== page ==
* Suez Environnement leads the pack in addressing 2015 call
* Liability management desks are pitching to hybrid borrowers
* Corporate hybrid spreads continue to compress
By Charlie Thomas
LONDON, June 20 (IFR) - European corporates who sold hybrid bonds in 2005 and 2010 should think about buying back their securities and issuing new deals to take advantage of current low interest rates and benign markets, say coverage bankers.
At least 10 European corporates with more than 8bn in subordinated hybrid structures face their first call date in the next 12 months, prompting a flurry conversations with investment banks keen to undertake liability management exercises.
And there are at least four more European issuers due to call in 2016, followed by another 10 in 2017, meaning the total amount of callable hybrid structures stands at 22bn minimum in the next three years.
Suez Environnement was the first corporate issuer to address an upcoming 2015 call this week, launching a new issue alongside a debt buyback.
"This is a hugely interesting topic, and I think Suez Environnement could be the first of a wave of corporates," said Kapil Damani, head of capital products at BNP Paribas.
Locking in rates, and extending the call period and duration of the bond are the key drivers for such action.
The French waste management company issued a 500m perpetual non-call six-year bond at a yield of 3.125%, while at the same time offering to tender 300m of its 4.82% 700m hybrid callable in September 2015.
The tight pricing and low coupon achieved by Suez have prompted questions about whether other corporates could look to follow suit. French hotel chain Accor is expected to launch something similar next week.
TO LM, OR NOT TO LM
Much depends on the companies' individual hybrid structures and market conditions. It was only in April last year that Barclays strategists said few would choose to call in 2015 because of the difficulty of pricing new deals with tighter spreads.
But in the last 12 months, hybrids have been printing at extremely tight levels, with the senior/subordinated differential compressing to around 170bp-175bp.
But even taking into account this spread compression, issuers may still decide not to call. German sugar producer Suedzucker has said it is unlikely to do so for its 700m bond callable 30 June 2015. The deal switches from a 5.25% fixed rate to floating, paying three-month Euribor plus 310bp - just 3.3% based on current Euribor levels.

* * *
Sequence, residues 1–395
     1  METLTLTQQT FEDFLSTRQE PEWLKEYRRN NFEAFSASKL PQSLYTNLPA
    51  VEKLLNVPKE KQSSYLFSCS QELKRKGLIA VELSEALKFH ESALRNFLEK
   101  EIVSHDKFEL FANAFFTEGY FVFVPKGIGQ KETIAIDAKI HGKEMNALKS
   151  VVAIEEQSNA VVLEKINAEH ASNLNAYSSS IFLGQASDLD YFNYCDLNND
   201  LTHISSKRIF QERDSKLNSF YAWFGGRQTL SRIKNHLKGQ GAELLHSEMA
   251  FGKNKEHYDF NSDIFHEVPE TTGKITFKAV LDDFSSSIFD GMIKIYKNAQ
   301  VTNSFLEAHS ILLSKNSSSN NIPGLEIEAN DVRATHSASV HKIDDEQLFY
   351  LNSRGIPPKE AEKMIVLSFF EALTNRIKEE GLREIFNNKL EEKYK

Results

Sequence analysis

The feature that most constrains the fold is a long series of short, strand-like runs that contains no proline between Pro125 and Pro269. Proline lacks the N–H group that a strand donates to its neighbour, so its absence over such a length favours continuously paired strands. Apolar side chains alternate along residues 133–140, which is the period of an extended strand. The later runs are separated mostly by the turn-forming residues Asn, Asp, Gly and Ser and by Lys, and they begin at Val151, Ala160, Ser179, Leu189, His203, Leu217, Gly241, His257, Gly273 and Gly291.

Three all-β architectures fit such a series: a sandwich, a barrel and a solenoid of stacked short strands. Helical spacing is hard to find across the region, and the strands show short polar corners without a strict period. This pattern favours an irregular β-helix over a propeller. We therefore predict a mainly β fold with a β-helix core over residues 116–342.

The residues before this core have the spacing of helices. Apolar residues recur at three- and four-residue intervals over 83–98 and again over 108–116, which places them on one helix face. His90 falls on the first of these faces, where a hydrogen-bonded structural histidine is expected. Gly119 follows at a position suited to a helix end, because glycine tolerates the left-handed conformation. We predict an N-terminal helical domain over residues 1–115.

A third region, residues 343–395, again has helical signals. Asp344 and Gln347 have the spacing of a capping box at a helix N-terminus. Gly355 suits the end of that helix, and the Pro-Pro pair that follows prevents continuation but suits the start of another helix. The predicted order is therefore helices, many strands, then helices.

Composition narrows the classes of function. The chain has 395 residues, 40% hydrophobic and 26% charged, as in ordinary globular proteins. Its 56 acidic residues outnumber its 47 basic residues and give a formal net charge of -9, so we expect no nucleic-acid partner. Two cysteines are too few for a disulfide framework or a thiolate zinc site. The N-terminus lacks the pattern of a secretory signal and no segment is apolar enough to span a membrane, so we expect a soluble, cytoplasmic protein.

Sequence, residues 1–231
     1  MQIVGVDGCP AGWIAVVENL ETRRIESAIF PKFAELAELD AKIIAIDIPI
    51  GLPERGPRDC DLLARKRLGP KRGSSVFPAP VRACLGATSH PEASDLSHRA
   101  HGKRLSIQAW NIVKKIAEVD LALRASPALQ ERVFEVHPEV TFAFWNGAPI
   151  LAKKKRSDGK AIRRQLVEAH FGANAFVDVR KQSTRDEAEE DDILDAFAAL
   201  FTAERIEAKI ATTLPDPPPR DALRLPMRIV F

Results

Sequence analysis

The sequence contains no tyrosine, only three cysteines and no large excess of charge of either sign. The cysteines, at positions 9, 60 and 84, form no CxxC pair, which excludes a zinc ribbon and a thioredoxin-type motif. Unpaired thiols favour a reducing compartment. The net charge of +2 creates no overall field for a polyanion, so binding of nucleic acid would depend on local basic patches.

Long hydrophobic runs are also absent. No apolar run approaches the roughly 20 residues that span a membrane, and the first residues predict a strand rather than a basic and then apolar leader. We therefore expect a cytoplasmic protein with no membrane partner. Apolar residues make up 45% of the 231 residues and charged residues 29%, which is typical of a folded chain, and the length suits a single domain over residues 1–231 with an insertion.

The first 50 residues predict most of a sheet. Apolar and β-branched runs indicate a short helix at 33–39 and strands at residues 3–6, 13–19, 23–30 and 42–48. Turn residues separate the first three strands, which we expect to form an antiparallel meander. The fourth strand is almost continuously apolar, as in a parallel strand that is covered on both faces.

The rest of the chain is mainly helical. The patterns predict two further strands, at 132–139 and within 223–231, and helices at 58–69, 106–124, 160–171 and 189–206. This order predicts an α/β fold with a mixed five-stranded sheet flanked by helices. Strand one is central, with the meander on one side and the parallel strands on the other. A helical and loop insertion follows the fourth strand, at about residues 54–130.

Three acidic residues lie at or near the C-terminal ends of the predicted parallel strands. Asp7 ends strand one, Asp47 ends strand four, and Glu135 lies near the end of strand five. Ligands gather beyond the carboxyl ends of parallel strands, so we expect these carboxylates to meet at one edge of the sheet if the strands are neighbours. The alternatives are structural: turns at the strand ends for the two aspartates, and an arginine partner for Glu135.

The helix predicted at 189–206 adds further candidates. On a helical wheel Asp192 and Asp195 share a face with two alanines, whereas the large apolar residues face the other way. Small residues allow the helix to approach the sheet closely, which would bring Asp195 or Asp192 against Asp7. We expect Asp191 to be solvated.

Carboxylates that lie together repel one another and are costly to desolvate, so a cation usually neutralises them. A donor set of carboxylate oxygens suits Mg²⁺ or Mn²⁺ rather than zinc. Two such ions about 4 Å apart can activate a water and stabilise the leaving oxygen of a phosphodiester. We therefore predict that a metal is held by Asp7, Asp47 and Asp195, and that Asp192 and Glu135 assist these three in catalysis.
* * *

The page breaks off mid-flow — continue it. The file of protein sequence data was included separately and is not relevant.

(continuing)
No sub hybrid has priced with a coupon lower than 3.125%.
Savings of up to 2.95 percentage points could be achieved by other issuers with bonds callable in 2015 and 2016 if rates stay low, ING said in a credit note recently.
But issuers thinking of preempting the call have another consideration: the risk of Standard & Poor's withdrawing its equity treatment.
"S&P is the main hurdle, it currently doesn't want to see anything happening in the first five years, but after that liability management represents a useful tool for many issuers," said Damani.
ANATOMY OF AN LM EXERCISE
First, liability management bankers will need to assess the replacement language on the original deal. Some look like senior bonds, where the issuer is granted the right to buy it back at any price and time. Some mention an "intention to replace", while others will have no explicit replacement language at all.
Only two corporates have actually replaced existing hybrids with new: Suez Environnement and Dong Energy in 2012.
A banker who worked on the Dong deal explained how strategy and timing were key to getting the deal done after the company's initial attempt to buy back in the standard way was foiled when markets turned during the process and the issuer baulked at paying wider spreads.
"The decision of which order you'd do it in is entirely dependent on market conditions," the banker said.
When the deal actually took place in January 2012, however, the new issue came first and the tender second.
Bankers expect to see at least two or three deals like Suez Environnement's happening this year. (Reporting By Charlie Thomas)